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Japan's National Flag
Embassy of Japan, Washington, D.C. Website
The Red Circle Symbolizes the Sun
The national flag of Japan is called the Hinomaru. Its name comes from the Japanese word hinomaru, which literally means "sun circle." It is not certain just when the sun-circle symbol was first used on flags and banners. However, in the 12th century samurai warriors (bushi) appeared, and during the struggle for power between the Minamoto and Taira clans, bushi were fond of drawing sun circles on folding fans known as gunsen. In the Warring States period of the 15th and 16th centuries, when various military figures vied for spheres of influence, hinomaru were widely displayed as military insignia. One screen painting depicting the Battle of Sekigahara in 1600 shows a military force whose many banners all share the hinomaru motif. Although a red circle on a white background was the most common, there were also examples of gold circles on a deep blue background.
The use of a hinomaru as the symbol of the country as a whole dates from its use, by Toyotomi Hideyoshi in the late 16th century and Tokugawa Ieyasu in the early 17th century, on the flags of trading ships sent abroad. A screen with scenes from the 17th-century city of Edo (present-day Tokyo) shows a hinomaru flag being used as the symbol of a ship carrying the shogun. During the period of sakoku, or "national seclusion" (1639—1854), trade and other relations with all foreign countries except China, Korea, and Holland were prohibited, but when the Tokugawa shogunate began to trade with other countries (including the United States and Russia) after 1854, Japanese trading ships again began to use a hinomaru flag.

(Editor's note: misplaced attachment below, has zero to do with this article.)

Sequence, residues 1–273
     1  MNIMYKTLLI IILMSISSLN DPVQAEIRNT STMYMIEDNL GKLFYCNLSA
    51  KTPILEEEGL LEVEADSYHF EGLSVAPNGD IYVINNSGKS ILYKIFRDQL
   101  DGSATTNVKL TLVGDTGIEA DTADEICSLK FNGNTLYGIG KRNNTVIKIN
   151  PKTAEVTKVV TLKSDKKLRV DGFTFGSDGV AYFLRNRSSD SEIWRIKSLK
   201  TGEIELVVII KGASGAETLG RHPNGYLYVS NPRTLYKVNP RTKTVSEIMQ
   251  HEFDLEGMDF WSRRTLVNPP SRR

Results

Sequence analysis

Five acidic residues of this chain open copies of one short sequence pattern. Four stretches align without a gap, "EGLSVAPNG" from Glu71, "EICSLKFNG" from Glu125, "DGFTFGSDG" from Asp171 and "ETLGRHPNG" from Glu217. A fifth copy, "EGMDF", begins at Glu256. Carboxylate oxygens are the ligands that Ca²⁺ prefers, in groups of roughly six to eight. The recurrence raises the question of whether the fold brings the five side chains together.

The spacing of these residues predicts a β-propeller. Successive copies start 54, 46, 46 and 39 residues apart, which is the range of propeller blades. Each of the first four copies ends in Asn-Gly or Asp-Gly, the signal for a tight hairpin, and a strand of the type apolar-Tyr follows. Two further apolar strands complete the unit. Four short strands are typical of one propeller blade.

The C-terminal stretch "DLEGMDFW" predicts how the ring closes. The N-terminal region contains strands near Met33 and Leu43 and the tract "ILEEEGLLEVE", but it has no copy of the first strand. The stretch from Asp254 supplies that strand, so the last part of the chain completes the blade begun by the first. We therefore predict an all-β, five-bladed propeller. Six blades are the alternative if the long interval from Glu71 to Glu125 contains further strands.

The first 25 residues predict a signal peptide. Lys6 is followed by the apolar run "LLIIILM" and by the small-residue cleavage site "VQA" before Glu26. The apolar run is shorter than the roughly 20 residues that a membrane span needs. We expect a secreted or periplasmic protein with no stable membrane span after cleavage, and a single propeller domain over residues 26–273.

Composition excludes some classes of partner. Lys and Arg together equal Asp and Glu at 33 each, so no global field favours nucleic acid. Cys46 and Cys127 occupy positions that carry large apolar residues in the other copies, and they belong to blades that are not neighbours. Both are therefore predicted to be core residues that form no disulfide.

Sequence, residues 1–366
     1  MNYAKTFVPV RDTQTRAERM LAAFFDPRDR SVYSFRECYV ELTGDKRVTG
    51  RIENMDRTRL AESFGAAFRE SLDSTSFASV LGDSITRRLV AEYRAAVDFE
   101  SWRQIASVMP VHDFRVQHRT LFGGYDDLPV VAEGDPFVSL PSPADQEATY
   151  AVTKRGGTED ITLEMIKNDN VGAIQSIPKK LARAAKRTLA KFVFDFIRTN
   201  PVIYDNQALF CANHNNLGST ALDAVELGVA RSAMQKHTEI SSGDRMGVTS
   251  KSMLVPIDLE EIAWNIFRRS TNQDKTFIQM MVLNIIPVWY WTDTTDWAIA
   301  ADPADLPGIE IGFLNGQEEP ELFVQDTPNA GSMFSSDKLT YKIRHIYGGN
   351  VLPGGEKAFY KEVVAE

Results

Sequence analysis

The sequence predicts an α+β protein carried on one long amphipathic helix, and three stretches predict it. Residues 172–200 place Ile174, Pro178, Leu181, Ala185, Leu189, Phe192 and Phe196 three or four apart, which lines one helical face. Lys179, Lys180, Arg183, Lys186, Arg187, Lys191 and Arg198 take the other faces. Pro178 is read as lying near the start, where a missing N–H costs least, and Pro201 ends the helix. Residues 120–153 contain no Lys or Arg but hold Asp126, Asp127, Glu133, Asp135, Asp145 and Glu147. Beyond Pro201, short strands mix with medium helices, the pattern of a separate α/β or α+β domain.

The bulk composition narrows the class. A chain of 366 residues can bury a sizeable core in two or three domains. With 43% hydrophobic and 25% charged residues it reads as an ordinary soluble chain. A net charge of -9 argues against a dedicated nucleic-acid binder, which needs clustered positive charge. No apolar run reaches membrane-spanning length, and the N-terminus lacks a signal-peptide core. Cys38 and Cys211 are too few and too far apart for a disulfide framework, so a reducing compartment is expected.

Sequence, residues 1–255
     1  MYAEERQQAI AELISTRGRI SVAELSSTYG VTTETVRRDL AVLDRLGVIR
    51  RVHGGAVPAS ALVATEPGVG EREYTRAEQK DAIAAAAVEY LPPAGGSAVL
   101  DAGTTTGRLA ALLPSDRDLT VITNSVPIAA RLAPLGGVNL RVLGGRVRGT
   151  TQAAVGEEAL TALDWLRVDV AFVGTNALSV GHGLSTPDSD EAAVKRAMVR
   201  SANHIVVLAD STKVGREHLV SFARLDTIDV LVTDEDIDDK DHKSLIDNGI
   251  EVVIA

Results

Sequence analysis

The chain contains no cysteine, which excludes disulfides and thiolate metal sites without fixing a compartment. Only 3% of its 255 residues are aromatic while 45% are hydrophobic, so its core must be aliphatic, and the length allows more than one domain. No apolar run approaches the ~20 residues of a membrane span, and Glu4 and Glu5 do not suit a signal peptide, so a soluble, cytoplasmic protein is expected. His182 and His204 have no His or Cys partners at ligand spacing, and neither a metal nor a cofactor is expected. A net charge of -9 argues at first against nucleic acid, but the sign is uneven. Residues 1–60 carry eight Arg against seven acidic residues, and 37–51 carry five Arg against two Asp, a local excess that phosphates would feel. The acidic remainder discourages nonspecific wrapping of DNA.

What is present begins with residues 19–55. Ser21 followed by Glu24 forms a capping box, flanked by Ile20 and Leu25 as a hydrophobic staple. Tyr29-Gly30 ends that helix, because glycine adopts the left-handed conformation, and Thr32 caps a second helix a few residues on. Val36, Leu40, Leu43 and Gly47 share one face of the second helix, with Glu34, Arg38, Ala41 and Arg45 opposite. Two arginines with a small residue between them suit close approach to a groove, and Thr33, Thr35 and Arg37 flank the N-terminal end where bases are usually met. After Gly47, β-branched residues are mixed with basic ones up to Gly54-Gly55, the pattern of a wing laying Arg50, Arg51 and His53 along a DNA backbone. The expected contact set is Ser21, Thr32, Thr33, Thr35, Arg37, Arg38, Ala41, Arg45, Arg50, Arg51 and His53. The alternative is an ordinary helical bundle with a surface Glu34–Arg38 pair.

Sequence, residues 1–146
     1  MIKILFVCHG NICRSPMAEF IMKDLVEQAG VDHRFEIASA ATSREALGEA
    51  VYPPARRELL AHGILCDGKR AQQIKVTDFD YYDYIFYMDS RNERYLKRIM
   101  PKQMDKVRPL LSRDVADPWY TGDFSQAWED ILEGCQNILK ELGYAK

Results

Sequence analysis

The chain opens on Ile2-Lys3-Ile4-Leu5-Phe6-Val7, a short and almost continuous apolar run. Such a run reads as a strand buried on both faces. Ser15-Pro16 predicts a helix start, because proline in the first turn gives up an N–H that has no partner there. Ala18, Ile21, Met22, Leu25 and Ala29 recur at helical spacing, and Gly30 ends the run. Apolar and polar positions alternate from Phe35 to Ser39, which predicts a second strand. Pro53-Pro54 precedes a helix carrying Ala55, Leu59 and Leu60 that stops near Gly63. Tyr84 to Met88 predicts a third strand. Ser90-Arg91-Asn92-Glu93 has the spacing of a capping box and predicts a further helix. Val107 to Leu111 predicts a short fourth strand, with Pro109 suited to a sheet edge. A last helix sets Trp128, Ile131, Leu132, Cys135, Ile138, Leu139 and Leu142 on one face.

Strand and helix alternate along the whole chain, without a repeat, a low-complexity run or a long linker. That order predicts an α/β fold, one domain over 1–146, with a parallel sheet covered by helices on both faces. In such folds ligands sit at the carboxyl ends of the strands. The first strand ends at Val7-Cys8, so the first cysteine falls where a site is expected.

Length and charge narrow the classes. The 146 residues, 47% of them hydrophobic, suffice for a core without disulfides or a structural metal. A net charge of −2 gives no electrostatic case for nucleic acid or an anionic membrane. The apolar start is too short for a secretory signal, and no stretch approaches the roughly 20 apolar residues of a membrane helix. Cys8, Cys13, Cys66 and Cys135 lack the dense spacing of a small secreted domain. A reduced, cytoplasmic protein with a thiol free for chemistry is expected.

The Tokugawa shogunate in 1854 accepted a proposal by Shimazu Nariakira of the Satsuma domain, and it was decided that Japanese ships, so as not to be mistaken for foreign vessels, would use a "hinomaru banner with a white background." A hinomaru flag was displayed on the Kanrin maru, the official ship bearing Japanese officials sent to the United States in 1860.
The Hinomaru was first used on the grounds of government buildings in 1872, the year before the lunar calendar was officially replaced by the solar calendar. At that time many ordinary families and non-governmental establishments also expressed the desire to display the Hinomaru on holidays. In subsequent years, a number of notifications and documents were publicly issued which reinforced the
This material, based on the "Japan Access" web site, has been prepared for the Ministry of Foreign Affairs by Kodansha International Ltd. and thus does not necessarily reflect the opinions of the Ministry. Produced in March, 2001
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